Dr Lynette Hodges from The School of Sport and Exercise at Massey University is looking to recruit volunteers with ME/CFS
INTRODUCTION TO REPEATED EXERCISE STUDY
Dr Lynette Hodges from the School of Sport and Exercise at Massey University is looking to recruit volunteers with Myalgic Encephalopathy/Chronic Fatigue Syndrome. The study is assessing responses to repeated exercise testing in individuals with ME/CFS, Multiple Sclerosis and healthy age matched controls. The design of the study includes physiological exercise testing validated by Staci Stevens in California and blood analysis to be used in research by Professor Warren Tate (Otago University) as he searches for a biomarker. Tests will include an arterial stiffness assessment, providing blood samples, brief neuropsychological tests, exercise testing which will last for approximately 12 minutes on a cycle ergometer and an exercise recovery questionnaire. All these tests have been used safely with people with ME/CFS in the past. Dr Ros Vallings, Staci Stevens, Dr Don Baken and Professor Warren Tate have all been involved in the design of the study. It is an exciting opportunity for individuals with ME/CFS to take part in a cutting edge piece of research within New Zealand, which will hopefully answer some of the many unanswered questions about the unique nature of the fatigue. When the results have been analysed participants will be given their individual results if they request these. People interested in participating in the study will be asked to complete the DePaul symptom questionnaire developed by Professor Leonard Jason and then, dependent on their results, will be invited to complete the series of tests at Massey University, Palmerston North campus. More information about the study can be found at the following link.
ANZMES is supporting Professor Warren Tates Research group that is based in the University of Otago, Biochemistry Department.
TATE GROUP RESEARCH SUMMARY:
• Our goal is to develop a diagnostic blood test for myalgic encephalomyelitis (ME), commonly known as chronic fatigue syndrome (CFS).
• There is no specific diagnostic blood test or effective treatment currently available
• This highlights the urgent need to find specific biomarkers to differentiate ME/CFS from other treatable disorders involving fatigue and to expedite the search for specific therapies.
• For development of a simple and effective blood diagnostic test we are targeting the antiviral immune pathway that is chronically activated in ME/CFS patients.
• The aim of our work is to create a simple informative immunological diagnostic test for ME/CFS.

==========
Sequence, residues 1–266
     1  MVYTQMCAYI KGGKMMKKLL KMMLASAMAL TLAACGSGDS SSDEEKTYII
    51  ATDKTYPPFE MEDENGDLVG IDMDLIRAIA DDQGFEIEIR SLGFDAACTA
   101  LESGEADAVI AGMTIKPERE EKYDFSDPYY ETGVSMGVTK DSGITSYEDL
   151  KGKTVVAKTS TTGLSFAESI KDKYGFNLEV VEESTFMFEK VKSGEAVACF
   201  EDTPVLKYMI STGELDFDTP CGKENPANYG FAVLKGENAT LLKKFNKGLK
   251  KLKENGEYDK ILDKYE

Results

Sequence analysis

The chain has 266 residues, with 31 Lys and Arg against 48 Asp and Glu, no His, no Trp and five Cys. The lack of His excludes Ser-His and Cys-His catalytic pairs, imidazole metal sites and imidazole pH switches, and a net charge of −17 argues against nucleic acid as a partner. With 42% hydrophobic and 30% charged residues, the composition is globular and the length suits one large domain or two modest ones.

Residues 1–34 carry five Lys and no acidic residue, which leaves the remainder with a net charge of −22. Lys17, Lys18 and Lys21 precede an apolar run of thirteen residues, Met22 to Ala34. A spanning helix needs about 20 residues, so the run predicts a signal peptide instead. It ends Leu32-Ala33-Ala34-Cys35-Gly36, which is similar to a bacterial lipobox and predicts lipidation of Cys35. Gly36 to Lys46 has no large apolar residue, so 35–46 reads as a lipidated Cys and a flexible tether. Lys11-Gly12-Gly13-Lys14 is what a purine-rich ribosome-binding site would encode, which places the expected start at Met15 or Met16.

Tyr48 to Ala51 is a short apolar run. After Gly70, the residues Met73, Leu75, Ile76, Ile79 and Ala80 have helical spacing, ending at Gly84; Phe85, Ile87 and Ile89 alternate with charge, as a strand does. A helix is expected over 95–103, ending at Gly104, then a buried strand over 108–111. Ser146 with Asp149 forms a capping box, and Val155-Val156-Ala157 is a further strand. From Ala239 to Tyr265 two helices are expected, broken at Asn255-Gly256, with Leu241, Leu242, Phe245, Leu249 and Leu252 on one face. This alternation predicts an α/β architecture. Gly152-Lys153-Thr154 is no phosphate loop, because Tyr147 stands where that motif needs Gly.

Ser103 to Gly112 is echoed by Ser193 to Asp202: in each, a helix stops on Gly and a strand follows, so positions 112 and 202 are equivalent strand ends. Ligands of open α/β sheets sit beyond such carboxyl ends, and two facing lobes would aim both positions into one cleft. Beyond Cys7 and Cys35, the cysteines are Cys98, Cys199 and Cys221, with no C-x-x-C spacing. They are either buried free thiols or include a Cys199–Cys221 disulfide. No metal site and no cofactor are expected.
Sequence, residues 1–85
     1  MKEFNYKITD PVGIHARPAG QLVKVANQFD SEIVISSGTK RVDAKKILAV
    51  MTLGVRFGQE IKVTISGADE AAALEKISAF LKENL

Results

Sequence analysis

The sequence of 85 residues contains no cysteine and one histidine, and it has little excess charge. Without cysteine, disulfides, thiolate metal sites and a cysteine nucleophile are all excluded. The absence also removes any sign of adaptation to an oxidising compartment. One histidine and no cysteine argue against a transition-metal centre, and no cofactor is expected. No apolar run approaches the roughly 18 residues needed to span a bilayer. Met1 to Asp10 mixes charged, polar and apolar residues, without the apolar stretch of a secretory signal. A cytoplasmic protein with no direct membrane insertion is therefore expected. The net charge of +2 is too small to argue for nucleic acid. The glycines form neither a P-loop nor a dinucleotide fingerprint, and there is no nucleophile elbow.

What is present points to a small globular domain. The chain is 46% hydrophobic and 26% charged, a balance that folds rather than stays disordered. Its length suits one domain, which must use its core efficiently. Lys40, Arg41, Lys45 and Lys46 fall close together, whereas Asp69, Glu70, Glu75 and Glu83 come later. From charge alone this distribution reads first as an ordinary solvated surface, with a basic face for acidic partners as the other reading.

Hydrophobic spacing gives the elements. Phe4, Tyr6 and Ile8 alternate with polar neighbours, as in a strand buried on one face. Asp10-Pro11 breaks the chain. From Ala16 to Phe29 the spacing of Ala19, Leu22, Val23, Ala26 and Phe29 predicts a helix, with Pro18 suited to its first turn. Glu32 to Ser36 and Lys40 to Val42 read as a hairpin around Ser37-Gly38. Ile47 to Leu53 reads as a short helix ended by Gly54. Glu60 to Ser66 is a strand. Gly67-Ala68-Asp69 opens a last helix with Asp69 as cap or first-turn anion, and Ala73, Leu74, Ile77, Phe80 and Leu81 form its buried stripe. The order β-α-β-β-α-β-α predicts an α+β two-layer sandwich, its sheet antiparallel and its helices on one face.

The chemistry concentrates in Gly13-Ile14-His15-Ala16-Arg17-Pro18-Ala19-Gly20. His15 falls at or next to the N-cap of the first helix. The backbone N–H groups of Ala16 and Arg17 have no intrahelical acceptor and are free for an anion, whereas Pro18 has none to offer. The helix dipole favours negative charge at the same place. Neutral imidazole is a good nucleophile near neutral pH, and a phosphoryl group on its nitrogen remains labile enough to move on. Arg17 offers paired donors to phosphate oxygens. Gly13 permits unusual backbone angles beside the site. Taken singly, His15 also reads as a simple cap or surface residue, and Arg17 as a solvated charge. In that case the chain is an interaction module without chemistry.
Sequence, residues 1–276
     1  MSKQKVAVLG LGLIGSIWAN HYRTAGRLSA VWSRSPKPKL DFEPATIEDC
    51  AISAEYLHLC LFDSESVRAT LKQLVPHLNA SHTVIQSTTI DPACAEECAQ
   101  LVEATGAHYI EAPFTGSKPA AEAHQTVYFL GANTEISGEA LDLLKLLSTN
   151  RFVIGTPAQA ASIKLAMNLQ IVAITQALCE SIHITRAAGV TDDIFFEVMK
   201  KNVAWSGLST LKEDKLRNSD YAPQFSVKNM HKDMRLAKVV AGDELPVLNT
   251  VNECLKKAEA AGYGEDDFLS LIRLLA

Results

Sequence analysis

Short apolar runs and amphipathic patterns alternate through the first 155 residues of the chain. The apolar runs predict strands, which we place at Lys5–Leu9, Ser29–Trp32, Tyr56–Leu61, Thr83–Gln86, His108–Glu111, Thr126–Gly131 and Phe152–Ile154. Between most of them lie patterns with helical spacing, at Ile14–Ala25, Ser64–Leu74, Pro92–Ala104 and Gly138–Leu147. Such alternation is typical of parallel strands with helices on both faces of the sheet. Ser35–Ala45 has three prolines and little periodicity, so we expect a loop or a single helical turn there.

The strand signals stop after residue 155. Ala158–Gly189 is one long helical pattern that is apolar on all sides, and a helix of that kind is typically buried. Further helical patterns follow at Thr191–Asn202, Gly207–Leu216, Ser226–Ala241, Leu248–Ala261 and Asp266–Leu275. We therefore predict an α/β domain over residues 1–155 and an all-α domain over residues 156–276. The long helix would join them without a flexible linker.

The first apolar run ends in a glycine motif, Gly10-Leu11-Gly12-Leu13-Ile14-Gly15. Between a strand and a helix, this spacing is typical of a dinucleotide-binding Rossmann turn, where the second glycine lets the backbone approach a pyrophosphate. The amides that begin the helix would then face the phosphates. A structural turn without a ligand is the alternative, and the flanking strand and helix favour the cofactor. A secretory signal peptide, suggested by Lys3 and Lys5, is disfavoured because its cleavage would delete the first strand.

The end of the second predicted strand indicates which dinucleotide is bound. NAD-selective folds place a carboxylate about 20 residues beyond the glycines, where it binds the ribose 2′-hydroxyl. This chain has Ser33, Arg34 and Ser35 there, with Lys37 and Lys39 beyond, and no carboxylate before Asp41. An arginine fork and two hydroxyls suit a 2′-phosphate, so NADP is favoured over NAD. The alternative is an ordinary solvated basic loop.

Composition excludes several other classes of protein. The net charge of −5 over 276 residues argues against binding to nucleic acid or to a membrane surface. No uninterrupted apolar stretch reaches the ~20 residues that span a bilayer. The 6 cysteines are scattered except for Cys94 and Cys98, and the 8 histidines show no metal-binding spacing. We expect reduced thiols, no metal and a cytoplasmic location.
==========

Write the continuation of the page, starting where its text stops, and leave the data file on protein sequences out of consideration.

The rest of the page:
• a pilot study with 10 ME/CFS patients and 10 matched controls is planned, and then with a larger study of >30 patients.
• If the targeted molecules prove to be successful biomarkers the assay would be developed into an ELISA format suitable for use in diagnostic laboratories.
• We aim to analyse thousands of molecules in the plasma and in the white blood (immune) cells of our recruited patients to determine which molecular pathways in the body are affected
• The human genome activity of patients is to be assessed to look for the presence of new and known viruses compared with age and gender matched controls
• It is hoped that this will determine whether all ME/CFS patients have the same ‘signature’ of disturbed pathways or whether there are subtypes of the illness with different disturbances
• It is planned to follow recruited patients through relapse and recovery to understand what molecular pathways trigger the relapse
• This analysis will reveal more specific biomarkers for ME that can be used for diagnosis of the illness
• Ultimately we hope it is possible to create a diagnostic plate for ME/CFS that distinguishes it from other hard to diagnose chronic syndromes that have remarkably similar symptoms like fatigue, gastrointestinal upset, -for example, irritable bowel syndrome, endometriosis
• Identifying disturbed molecular pathways has the potential to highlight therapeutic targets so patient support to manage the illness might be enhanced
BACKGROUND:New Zealand has an estimated 20,000 people affected by myalgic encephalomyelitis (ME), also known as chronic fatigue syndrome (CFS), with a significant estimated economic cost of $30,000 – $40,000/year/affected family. Currently, patients are supported by the Associated NZ ME Society (ANZMES),and by individual support groups throughout New Zealand like MEISS in Otago and Southland. Medical practitioners find diagnosis and management of the syndrome challenging. Auckland-based GP and collaborator, Dr Rosamund Vallings, has managed many patients with this syndrome for over 20 years and has seen > 5000 ME/CFS sufferers in her practice. She was part of an international team that established new clinical criteria for ME/CFS (ME International Consensus Criteria)in 2011.These point out that the underlying pathophysiology of ME is so complex that previously some patients with other separately treatable conditions such as anaemia, hemochromatosis, diabetes, cancers, HIV/AIDS, and vitamin B12 deficiency have been misdiagnosed and included in the ME/CFS cohort. A 32 page booklet has now been produced by the international IACFS/ME organization to aid diagnosis for GPs. Dr Vallings has published a comprehensive book on the syndrome in September 2012.Aimed at both patients and GPs,it outlines the abnormalities in many body systems,additional to the well-recognized neurological and immune dysfunction, and emphasizes strategies to manage the illness in the absence of any diagnostic test or effective therapies. A recent International ME Research Collaboration conference emphasized as a priority the need for developing and validating biomarkers specific for ME to help in an accurate diagnosis.